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Meeting on Basic Education Policy concludes
A pregnant wife of a deceased man hangs self to death
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His Holiness the Dalai Lama gestures as he arrives in McLeod Ganj from Germany, Aug. 28, 2014/Phayul Photo/Kunsang Gashon
Tibetan exiles participate in a candle light vigil to pay tribute to the 5 Tibetans who died of injury sustained  in a firing on unarmed protesters demanding the release of a local chief of Shukpa village on Aug. 12. McLeod Ganj, August 20, 2014/Phayul Photo:Kunsang Gashon
Rescue workers gather around a mangled remains of a bus that plunged down a deep gorge on a mountain pass near Machu County. The bus was plying from Machu County to Tsoe town.  8 people have died, and 20 others were injured. Aug. 7, 2014/Tibet Times
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Breaking: Tibet continues to burn, Father of three passes away
Phayul[Friday, February 15, 2013 07:04]
DHARAMSHALA, February 15: A Tibetan father of three set himself on fire in Amchok region of eastern Tibet on February 13, a day observed by Tibetans as the centenary celebrations of His Holiness the 13th Dalai Lama’s Proclamation of Tibetan Independence.

Drugpa Khar, 26, set himself on fire in Amchok town in Sangchu region of Kanlho at around 1 pm (local time). He reportedly succumbed to his injuries.

No further details are available about the protest at the time of filing this report.

The self-immolation comes weeks after a court in the region sentenced six Tibetans to lengthy jail terms of up to 12 years for rescuing the body of Tibetan self-immolator, Dorjee Rinchen, 57, from falling into the hands of Chinese authorities last October.

With Drugpa Khar’s fiery protest, the total number of known self-immolations by Tibetans living under China’s rule has now reached 101. The self-immolators have called for Tibet’s freedom and the return of His Holiness the Dalai Lama from exile.

According to exile sources, Drugpa Khar is survived by his parents Tamding Tsering and Tamding Tso. His youngest child is one year old and the eldest is aged six.

On February 13, another Tibetan self-immolated in the Nepalese capital Kathmandu protesting China’s continued occupation of Tibet. With 96 per cent burns, the Tibetan monk succumbed to his injuries later that day.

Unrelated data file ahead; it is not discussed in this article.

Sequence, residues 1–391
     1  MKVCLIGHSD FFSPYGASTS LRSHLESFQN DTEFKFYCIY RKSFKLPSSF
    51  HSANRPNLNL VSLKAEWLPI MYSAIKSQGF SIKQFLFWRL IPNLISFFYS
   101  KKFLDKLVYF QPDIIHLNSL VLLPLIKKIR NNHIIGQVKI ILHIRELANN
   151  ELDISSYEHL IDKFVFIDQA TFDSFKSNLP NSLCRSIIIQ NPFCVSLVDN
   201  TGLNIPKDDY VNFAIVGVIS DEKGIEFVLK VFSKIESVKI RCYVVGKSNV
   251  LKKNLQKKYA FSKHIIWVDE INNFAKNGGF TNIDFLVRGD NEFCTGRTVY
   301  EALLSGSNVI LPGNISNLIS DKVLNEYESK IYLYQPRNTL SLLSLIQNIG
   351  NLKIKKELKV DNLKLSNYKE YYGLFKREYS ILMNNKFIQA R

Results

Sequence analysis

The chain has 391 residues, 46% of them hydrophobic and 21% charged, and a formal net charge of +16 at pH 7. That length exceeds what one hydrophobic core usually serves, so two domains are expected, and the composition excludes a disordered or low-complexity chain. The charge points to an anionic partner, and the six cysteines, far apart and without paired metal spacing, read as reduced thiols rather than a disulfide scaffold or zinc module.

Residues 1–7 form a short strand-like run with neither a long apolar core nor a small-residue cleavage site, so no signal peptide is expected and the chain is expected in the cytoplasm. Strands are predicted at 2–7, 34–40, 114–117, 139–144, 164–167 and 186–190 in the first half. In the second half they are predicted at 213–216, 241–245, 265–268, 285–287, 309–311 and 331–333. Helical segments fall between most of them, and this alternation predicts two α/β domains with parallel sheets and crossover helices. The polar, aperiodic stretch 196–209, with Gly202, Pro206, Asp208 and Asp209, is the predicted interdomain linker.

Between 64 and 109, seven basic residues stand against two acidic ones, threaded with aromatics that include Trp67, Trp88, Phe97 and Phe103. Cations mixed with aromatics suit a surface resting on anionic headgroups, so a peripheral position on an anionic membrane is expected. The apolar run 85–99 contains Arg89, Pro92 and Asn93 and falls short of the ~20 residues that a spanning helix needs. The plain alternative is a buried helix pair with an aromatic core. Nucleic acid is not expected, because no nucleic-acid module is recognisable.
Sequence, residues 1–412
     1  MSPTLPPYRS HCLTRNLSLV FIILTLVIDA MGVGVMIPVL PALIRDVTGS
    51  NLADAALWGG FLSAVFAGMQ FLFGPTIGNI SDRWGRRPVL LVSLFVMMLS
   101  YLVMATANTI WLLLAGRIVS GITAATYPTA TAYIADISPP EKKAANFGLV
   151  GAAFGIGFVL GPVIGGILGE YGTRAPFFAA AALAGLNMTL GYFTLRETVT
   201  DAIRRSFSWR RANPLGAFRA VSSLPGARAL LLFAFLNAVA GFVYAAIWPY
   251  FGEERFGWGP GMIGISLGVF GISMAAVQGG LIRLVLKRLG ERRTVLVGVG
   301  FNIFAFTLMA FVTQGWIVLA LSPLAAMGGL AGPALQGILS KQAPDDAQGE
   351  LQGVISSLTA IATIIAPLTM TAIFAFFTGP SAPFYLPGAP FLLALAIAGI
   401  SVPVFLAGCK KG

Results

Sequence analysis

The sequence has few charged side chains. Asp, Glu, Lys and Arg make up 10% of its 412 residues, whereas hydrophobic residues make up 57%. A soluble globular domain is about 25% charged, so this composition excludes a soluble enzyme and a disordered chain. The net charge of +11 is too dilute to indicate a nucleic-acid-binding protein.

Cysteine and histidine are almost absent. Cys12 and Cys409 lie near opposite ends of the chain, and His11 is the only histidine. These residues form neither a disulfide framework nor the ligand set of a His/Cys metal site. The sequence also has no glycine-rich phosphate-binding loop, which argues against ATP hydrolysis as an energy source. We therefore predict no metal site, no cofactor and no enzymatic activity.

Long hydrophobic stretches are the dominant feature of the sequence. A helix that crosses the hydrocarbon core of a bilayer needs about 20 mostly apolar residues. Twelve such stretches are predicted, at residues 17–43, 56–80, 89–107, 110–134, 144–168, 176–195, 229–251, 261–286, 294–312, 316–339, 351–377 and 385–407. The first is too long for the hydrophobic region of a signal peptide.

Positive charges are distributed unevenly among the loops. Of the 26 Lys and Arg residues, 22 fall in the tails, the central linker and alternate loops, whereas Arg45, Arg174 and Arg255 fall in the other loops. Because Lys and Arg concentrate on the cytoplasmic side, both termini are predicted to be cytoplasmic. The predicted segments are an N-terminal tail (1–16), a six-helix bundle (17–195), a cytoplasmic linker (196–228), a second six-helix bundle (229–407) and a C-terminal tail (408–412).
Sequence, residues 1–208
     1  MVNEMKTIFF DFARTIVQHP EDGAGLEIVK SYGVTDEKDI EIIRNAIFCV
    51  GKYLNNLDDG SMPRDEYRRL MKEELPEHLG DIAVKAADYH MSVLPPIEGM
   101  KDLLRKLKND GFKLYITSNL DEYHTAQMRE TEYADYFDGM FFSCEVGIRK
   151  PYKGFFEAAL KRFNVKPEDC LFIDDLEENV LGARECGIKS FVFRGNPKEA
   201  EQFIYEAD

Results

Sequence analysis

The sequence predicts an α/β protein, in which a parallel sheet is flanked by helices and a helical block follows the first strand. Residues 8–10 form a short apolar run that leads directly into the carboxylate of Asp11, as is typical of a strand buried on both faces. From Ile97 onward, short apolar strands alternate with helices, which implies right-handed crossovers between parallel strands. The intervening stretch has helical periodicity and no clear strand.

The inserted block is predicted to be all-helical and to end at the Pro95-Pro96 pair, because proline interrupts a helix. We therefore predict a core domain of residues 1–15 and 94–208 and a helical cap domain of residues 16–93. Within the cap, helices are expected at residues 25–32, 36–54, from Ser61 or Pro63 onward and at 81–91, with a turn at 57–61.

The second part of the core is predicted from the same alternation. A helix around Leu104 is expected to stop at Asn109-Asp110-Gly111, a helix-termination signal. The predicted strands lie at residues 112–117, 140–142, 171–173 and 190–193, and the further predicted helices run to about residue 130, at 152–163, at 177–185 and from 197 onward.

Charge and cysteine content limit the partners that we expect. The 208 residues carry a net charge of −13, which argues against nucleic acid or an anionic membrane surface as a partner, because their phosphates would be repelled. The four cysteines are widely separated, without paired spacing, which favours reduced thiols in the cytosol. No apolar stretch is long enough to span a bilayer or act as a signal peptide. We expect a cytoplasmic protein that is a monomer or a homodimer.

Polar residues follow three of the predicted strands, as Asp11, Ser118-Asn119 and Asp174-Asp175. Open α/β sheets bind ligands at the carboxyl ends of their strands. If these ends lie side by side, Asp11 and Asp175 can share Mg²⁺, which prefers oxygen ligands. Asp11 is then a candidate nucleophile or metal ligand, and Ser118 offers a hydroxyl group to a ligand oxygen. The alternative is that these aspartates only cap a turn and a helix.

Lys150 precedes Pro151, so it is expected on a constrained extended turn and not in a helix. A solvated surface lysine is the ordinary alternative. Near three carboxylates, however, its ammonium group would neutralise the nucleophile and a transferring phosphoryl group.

As the number of Tibet self-immolations breached the 100 mark, the International Tibet Network, a global movement of 185 Tibet advocacy organisations, urgently called for “more visible coordination of action” by world governments.

The Network, in a release, accused Chinese authorities of responding to the self-immolation protests with “an even greater crackdown, thereby increasing the chances that more Tibetans will self-immolate.”

"This staggering figure of 100 individual self-immolation protests must bring the world to its senses. This milestone demands widespread condemnation of China's failed policies and of its brutal crackdown in Tibet," said Tenzin Jigme, International Coordinator of the Network. "Each one of these incidents is a personal tragedy, but the combined total of 100 people setting light to themselves in protest warrants an international response. We urgently call on world governments to issue a joint statement of concern on this tragic occasion and to collectively formulate a diplomatic initiative that will directly address China's leaders over the crisis they have created in Tibet."

In a statement released yesterday, Sikyong Dr Lobsang Sangay, the elected head of the Tibetan people noted that the ongoing and unprecedented self-immolations by an increasing number of Tibetans in Tibet are the “ultimate acts of civil disobedience against China’s failed rule in Tibet.”

“Concrete steps that the leaders of the world need to take immediately are to send Ms Navi Pillay of UNHCR on a visit to Tibet and investigate the real causes of self immolations, and convene a meeting to discuss and address the crisis in Tibet,” Sikyong Sangay added.
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